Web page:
BY Patience Collier
BY Sarah Ruiz
A mural depicting Pacific Northwest culture on the wall behind Jerrol’s Bookstore was recently defaced with racist iconography. The symbols can be connected to the Aryan Nation, a Neo-Nazi group.
The creators of the mural, Josè Hernandez, a criminal law and sociology junior at Central and the artist of the design, and junior sociology and aviation major Victor Aguirre, painted the design May 2.
Hernandez said he has been doing visual art since he was very young, and has been working with digital art since last November.
Ink22 is Hernandez’s brand, one he is currently working to legitimize as an established business. The brand found interest on the social media site Instagram, and since, Hernandez has said interest in the brand has increased. Hernandez has also worked as the Observer graphic designer during the Spring 2014 quarter.
“We try to represent the Pacific Northwest, its people and the culture,” Aguirre said.
Aguirre claims he and Hernandez share similar ideology and work together to cement ideas.
“Honestly [Hernandez] is really the brains of it,” Aguirre said. “It was kind of an idea we had last year; we just started coming up with ideas.”
In addition to the Neo-Nazi symbols was the message “This is what’s wrong with society,” and a message criticizing the design for being an ad. The additions were signed “ELS.”
“It wasn’t supposed to be an ad,” Hernandez said. “It was just my art.”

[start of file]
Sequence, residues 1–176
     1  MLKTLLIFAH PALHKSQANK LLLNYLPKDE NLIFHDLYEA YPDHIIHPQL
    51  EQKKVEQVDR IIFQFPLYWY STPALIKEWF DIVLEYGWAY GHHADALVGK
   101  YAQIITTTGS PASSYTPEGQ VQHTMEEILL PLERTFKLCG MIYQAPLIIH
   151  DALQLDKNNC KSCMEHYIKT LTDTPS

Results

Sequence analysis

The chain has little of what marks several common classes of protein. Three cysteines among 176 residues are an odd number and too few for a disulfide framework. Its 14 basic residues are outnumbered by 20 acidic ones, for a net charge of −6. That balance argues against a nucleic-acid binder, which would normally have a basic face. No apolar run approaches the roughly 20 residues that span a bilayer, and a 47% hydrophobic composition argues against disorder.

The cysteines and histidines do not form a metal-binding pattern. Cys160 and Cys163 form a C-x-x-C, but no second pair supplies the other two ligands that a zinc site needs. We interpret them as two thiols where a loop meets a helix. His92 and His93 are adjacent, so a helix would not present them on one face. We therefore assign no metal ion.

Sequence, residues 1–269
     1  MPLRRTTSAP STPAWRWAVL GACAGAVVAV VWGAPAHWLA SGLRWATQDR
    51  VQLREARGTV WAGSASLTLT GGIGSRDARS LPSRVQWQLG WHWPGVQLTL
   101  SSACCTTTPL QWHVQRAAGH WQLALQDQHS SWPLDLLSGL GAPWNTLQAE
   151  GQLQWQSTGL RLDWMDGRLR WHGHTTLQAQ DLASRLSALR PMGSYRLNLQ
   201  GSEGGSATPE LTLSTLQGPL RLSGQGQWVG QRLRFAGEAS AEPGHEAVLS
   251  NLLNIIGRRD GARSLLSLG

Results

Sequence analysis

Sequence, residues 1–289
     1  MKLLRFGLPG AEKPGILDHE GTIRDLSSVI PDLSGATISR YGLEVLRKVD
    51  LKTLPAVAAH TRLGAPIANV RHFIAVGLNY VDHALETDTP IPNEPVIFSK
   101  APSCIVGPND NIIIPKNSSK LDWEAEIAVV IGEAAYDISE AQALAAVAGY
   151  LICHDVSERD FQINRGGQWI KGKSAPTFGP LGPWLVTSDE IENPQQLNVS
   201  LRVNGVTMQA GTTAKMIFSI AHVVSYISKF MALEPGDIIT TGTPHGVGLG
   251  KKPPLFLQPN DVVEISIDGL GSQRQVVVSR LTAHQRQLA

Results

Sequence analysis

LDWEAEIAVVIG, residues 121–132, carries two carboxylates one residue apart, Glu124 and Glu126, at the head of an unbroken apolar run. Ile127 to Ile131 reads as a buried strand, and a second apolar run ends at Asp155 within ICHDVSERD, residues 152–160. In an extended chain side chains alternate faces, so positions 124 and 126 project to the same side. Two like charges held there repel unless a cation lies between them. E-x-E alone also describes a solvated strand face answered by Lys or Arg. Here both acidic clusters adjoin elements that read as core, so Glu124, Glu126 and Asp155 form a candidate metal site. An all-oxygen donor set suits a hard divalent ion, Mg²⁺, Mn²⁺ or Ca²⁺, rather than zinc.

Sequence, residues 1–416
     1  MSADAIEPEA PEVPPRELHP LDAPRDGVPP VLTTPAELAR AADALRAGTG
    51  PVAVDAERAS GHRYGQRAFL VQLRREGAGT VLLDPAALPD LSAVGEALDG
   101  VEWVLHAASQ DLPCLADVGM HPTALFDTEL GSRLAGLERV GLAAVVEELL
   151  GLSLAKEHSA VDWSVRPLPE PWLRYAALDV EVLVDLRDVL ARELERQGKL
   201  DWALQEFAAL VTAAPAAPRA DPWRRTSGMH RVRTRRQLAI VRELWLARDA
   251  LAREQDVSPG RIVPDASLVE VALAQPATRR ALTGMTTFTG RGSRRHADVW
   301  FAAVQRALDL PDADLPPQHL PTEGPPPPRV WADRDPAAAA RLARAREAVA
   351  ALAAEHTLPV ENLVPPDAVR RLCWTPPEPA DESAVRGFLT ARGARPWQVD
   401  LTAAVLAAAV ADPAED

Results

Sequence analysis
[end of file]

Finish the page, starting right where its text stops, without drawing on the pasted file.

Rolf Williams, owner of Jerrol’s, had contacted Hernandez earlier this year to ask about selling his designs on apparel in the store. Prior to the offer Hernandez had sold his apparel on his website.
The mural, which features a black-and-white design of a Native American with the city skyline behind used in place of the face of a coin, was partially covered by a symbol used by Neo-Nazi groups. Originally, the design only was the man and the Seattle skyline, with “Know Your Roots” along the bottom; it represented the history of Native American life in the Pacific Northwest and their role in establishing Washington. After the redesign, Hernandez wanted the design to be more open for interpretation by audiences.
“I think if that mural would have been anywhere near Seattle, people would have embraced it more,” Aguirre said. “It’s definitely a different vibe here.”
Hernandez said the group has plans to paint over the area with an art piece that will be unrelated to Ink 22 or the previous design, but Jerrol’s will continue to sell the designed apparel.
“We’re on to the next thing,” Hernandez said. “Hopefully it gets more respect.”
Hernandez says this is not the first time his work has been covered by another message, but he was disappointed by the hateful tone of the response.
“I don’t mind, as long as it’s something meaningful,” Hernandez said. “It’s part of the territory.”
Williams agreed, saying the store has allowed anyone to use their wall as a canvas for over ten years, and the artists have always self-regulated.
“To me, it’s just some idiot with a marker,” Williams said. “I’m sure someone else will make it go away just as fast.”
He stands by the policy of absolute free speech.
“Our position has always been that all knowledge is good,” Williams said. “What you do with it may not be.”
Aguirre said when he first saw the additions to their mural, he didn’t make a connection to Nazism.
“As for the vandalism, that’s also freedom of speech,” Aguirre said. “But I think there is a plan to redo it. The vandalism didn’t cover too much of the piece, so it should be no problem to go over it.”